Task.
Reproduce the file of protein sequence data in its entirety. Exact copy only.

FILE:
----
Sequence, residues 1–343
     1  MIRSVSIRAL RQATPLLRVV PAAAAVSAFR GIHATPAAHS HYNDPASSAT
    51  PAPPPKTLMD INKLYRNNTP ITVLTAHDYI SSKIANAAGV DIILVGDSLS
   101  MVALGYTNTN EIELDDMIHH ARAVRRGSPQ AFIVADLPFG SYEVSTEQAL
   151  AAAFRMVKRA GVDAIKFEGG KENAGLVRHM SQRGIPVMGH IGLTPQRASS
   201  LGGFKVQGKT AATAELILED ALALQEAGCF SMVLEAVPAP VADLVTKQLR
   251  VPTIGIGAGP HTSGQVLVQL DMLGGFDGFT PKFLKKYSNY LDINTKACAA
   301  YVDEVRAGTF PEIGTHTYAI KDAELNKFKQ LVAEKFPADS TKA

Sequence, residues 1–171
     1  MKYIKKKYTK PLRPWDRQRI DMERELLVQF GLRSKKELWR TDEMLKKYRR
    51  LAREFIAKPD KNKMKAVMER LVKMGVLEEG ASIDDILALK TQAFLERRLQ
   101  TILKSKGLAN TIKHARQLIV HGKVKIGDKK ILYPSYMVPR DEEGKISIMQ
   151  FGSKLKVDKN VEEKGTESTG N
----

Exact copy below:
Sequence, residues 1–343
     1  MIRSVSIRAL RQATPLLRVV PAAAAVSAFR GIHATPAAHS HYNDPASSAT
    51  PAPPPKTLMD INKLYRNNTP ITVLTAHDYI SSKIANAAGV DIILVGDSLS
   101  MVALGYTNTN EIELDDMIHH ARAVRRGSPQ AFIVADLPFG SYEVSTEQAL
   151  AAAFRMVKRA GVDAIKFEGG KENAGLVRHM SQRGIPVMGH IGLTPQRASS
   201  LGGFKVQGKT AATAELILED ALALQEAGCF SMVLEAVPAP VADLVTKQLR
   251  VPTIGIGAGP HTSGQVLVQL DMLGGFDGFT PKFLKKYSNY LDINTKACAA
   301  YVDEVRAGTF PEIGTHTYAI KDAELNKFKQ LVAEKFPADS TKA

Sequence, residues 1–171
     1  MKYIKKKYTK PLRPWDRQRI DMERELLVQF GLRSKKELWR TDEMLKKYRR
    51  LAREFIAKPD KNKMKAVMER LVKMGVLEEG ASIDDILALK TQAFLERRLQ
   101  TILKSKGLAN TIKHARQLIV HGKVKIGDKK ILYPSYMVPR DEEGKISIMQ
   151  FGSKLKVDKN VEEKGTESTG N